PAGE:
Evidence shows that parent/caregiver and child relationships shape brain circuits and lay the foundation for later developmental outcomes.

Posted on January 31, 2013 by Kittie Butcher, Michigan State University Extension, Janet Pletcher, Lansing Community College

Have you ever had an experience that, viewed in retrospect, makes you cringe a little inside? We have! Many years ago, we were having dinner with a friend, Alice (this name has been changed to protect identity) when we noticed that she seemed disengaged and distracted. Alice had brought along her two-month old daughter who seemed to be enjoying the experience of girls-night-out. Alice was enjoying herself, too, just not with the group. She was focused on her infant, halting the conversation many times to gaze at her child, smile and coo, with a twinkle in her eyes that usually indicates someone besotted with love. A member of our group was surprised at her own somewhat negative reaction. The member of the group felt she was being ignored by Alice. Then, she realized that Alice was simply using her experience and common sense to build a relationship with her child, as most parents do with their young child. After discussing it, we agreed that Alice’s behavior was most appropriate for the situation. In fact, we wish more parents would do it.

Since that day, we have had many opportunities to see parents building relationships with their children and learning about parenting in a variety of ways. Like many parents, Alice used a range of resources to raise her children, from good old common sense, to cutting-edge research. Parents today look for strategies that will help their child build skills in all areas of development – cognitive, physical, moral, language, social and emotional domains. We have found that there is increasing evidence that strong social/emotional development anchors all other areas of development because self-knowledge and relationships are at the foundation of social and emotional skills.

In a recent working paper published by the Center for the Developing Child at Harvard University, the author’s state, “Young children experience their world as an environment of relationships, and these relationships affect virtually all aspects of their development. We have long known that interactions with parents, caregivers, and other adults are important in a child’s life, but new evidence shows that these relationships actually shape brain circuits and lay the foundation for later developmental outcomes, from academic performance to mental health and interpersonal skills.”

Michigan State University Extension says that within the academic world, experts are studying how parents can establish healthy relationships with their children at an early age, using the concept of responsive parenting as a foundation for their relationship with their growing child. Early childhood specialists have defined responsive parenting (or responsive care giving) in a variety of ways.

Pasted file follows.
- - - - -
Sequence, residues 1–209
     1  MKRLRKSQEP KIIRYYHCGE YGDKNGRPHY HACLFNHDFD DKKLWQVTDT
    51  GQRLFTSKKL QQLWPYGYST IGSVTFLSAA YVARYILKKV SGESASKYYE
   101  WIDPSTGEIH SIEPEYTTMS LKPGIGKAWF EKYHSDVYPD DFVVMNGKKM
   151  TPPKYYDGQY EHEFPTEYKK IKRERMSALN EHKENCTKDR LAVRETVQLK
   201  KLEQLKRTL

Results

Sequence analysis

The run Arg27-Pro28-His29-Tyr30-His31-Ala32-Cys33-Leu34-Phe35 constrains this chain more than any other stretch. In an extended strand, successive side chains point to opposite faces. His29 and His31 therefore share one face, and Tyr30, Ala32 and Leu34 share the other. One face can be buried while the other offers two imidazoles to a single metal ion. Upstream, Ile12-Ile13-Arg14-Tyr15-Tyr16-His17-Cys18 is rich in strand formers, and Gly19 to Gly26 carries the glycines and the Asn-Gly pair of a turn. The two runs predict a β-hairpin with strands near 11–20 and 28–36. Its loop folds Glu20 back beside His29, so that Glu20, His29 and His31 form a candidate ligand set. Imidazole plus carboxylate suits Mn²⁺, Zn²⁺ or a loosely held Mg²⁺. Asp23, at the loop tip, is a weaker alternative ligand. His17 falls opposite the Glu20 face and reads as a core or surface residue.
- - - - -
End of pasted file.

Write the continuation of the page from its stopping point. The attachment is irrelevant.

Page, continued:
Dr. Claire Vallotton of Michigan State University sees it as a three-part process. “Responsive care of young children involves attending to, accurately perceiving, and appropriately responding to children’s cues.” (Vallotton, C., 2012).

Early childhood educators Lisa Leifield and Tisha Bennett Sanders, urge parents to personalize every interaction with your baby and observe your child’s preferences and pleasures closely to learn more about your child.

Janet Gonzalez-Mena, early childhood educator and author, focuses on the act of putting the child first in your thoughts when she says, “The moment I decided to follow instead of lead, I discovered the joys of becoming part of a small child’s world.”

Many discussions of responsive parenting begin with the concept of parents being attuned to their child. Attunement is common but it is not necessarily purposeful. Parents can learn how to be better “in tune” with their child. Today, early childhood researchers use the term “attuned” to refer to state parents achieve when they are able to recognize and understand their infants’ feelings, thoughts and needs.

With a newborn, it often takes a few weeks to become attuned to the point where parents recognize the cry that means “I’m tired” or the one that means “I’m hungry.” Once parents can distinguish between these cries, they can fulfill the child’s needs and life becomes much calmer and less stressful for both parent and child. As infants mature, their communication strategies become more sophisticated and parents must continue to listen and watch for more subtle cues to keep up with baby.

There are many ways to become more attuned to your child. In the second part of our two-part series, we investigate specific strategies you can practice to become more attuned and a more responsive parent. For further discussion of attunement and other social-emotional concepts, go to www.developingchild.harvard.edu.

This article was published by Michigan State University Extension. For more information, visit http://www.msue.msu.edu.